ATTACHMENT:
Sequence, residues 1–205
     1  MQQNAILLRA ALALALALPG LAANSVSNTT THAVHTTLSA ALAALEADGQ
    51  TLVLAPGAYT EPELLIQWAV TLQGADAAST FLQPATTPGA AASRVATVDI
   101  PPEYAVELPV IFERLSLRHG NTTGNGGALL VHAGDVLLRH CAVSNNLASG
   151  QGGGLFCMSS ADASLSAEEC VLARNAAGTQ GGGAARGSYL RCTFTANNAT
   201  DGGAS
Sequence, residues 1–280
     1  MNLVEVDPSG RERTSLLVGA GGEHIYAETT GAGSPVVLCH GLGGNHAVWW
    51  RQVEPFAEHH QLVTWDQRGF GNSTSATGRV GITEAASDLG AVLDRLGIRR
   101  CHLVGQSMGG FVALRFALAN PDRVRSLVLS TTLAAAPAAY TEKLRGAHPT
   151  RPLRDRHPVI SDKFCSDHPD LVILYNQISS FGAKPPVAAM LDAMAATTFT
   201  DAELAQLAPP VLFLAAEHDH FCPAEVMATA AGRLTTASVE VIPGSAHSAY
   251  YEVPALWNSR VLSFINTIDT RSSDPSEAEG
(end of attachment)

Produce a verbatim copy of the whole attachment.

Sequence, residues 1–205
     1  MQQNAILLRA ALALALALPG LAANSVSNTT THAVHTTLSA ALAALEADGQ
    51  TLVLAPGAYT EPELLIQWAV TLQGADAAST FLQPATTPGA AASRVATVDI
   101  PPEYAVELPV IFERLSLRHG NTTGNGGALL VHAGDVLLRH CAVSNNLASG
   151  QGGGLFCMSS ADASLSAEEC VLARNAAGTQ GGGAARGSYL RCTFTANNAT
   201  DGGAS
Sequence, residues 1–280
     1  MNLVEVDPSG RERTSLLVGA GGEHIYAETT GAGSPVVLCH GLGGNHAVWW
    51  RQVEPFAEHH QLVTWDQRGF GNSTSATGRV GITEAASDLG AVLDRLGIRR
   101  CHLVGQSMGG FVALRFALAN PDRVRSLVLS TTLAAAPAAY TEKLRGAHPT
   151  RPLRDRHPVI SDKFCSDHPD LVILYNQISS FGAKPPVAAM LDAMAATTFT
   201  DAELAQLAPP VLFLAAEHDH FCPAEVMATA AGRLTTASVE VIPGSAHSAY
   251  YEVPALWNSR VLSFINTIDT RSSDPSEAEG